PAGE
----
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Extraordinary Environments and Abnormal Objects

The Martian: Examining Human Physical Judgments Across Virtual Gravity Fields
Tian Ye, Siyuan Qi, James Kubricht, Yixin Zhu, Hongjing Lu, and Song-Chun Zhu
(University of California at Los Angeles, USA)
This paper examines how humans adapt to novel physical situations with unknown gravitational acceleration in immersive virtual environments. We designed four virtual reality experiments with different tasks for participants to complete: strike a ball to hit a target, trigger a ball to hit a target, predict the landing location of a projectile, and estimate the flight duration of a projectile. The first two experiments compared human behavior in the virtual environment with real-world performance reported in the literature. The last two experiments aimed to test the human ability to adapt to novel gravity fields by measuring their performance in trajectory prediction and time estimation tasks. The experiment results show that: 1) based on brief observation of a projectile’s initial trajectory, humans are accurate at predicting the landing location even under novel gravity fields, and 2) humans’ time estimation in a familiar earth environment fluctuates around the ground truth flight duration, although the time estimation in unknown gravity fields indicates a bias toward earth’s gravity.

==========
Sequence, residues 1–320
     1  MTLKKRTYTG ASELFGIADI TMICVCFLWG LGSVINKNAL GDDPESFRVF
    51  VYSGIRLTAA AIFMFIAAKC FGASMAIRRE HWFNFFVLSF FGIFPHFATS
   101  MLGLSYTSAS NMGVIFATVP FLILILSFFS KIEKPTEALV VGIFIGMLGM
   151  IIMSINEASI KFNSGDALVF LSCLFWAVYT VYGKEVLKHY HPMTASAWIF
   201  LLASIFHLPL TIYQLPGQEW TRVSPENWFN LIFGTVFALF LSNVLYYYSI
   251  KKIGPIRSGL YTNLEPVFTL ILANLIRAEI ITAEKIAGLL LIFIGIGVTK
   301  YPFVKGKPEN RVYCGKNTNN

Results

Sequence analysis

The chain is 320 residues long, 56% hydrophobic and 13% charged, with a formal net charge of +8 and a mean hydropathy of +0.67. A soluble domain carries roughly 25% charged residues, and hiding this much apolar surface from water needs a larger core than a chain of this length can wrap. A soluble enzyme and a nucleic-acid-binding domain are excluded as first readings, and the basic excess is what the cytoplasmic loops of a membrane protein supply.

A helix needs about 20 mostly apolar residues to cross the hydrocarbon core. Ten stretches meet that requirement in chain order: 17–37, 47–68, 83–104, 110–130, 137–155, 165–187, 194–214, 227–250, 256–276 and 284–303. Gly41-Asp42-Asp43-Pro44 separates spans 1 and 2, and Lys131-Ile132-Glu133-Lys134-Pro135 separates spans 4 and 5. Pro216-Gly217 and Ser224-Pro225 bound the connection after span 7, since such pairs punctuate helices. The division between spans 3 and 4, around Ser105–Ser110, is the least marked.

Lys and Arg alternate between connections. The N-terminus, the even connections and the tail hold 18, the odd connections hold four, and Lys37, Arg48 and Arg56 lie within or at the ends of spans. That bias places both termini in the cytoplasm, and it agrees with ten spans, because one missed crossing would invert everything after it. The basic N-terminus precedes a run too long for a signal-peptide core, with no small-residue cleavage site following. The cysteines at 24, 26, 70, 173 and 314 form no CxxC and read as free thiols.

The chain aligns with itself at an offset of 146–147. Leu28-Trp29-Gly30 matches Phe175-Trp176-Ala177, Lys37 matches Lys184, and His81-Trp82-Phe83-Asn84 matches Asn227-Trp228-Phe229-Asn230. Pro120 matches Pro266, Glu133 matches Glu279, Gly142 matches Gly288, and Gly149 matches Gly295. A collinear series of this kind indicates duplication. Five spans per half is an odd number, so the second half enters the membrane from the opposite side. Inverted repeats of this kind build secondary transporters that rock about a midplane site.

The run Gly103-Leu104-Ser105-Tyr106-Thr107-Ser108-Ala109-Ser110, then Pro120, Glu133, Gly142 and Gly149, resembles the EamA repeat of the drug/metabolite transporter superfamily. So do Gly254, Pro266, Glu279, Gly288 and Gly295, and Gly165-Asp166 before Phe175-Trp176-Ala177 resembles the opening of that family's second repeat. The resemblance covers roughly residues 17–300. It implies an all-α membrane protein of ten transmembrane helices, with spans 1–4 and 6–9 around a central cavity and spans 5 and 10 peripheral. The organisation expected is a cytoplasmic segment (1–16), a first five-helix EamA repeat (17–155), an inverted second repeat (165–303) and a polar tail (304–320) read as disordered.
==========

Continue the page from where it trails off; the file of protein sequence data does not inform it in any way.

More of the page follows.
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Scaled Jump in Gravity-reduced Virtual Environments
MyoungGon Kim, SungIk Cho, Tanh Quang Tran, Seong-Pil Kim, Ohung Kwon, and JungHyun Han
(Korea University, South Korea; Korea University of Science and Technology, South Korea; Korea Institute of Industrial Technology, South Korea)
The reduced gravity experienced in lunar or Martian surfaces can be simulated on the earth using a cable-driven system, where the cable lifts a person to reduce his or her weight. This paper presents a novel cable-driven system designed for the purpose. It is integrated with a head-mounted display and a motion capture system. Focusing on jump motion within the system, this paper proposes to scale the jump and reports the experiments made for quantifying the extent to which a jump can be scaled without the discrepancy between physical and virtual jumps being noticed by the user. With the tolerable range of scaling computed from these experiments, an application named retargeted jump is developed, where a user can jump up onto virtual objects while physically jumping in the real-world flat floor. The core techniques presented in this paper can be extended to develop extreme-sport simulators such as parasailing and skydiving.

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Earthquake Safety Training through Virtual Drills
Changyang Li, Wei Liang, Chris Quigley, Yibiao Zhao, and Lap-Fai Yu
(Beijing Institute of Technology, China; University of Massachusetts at Boston, USA; Massachusetts Institute of Technology, USA)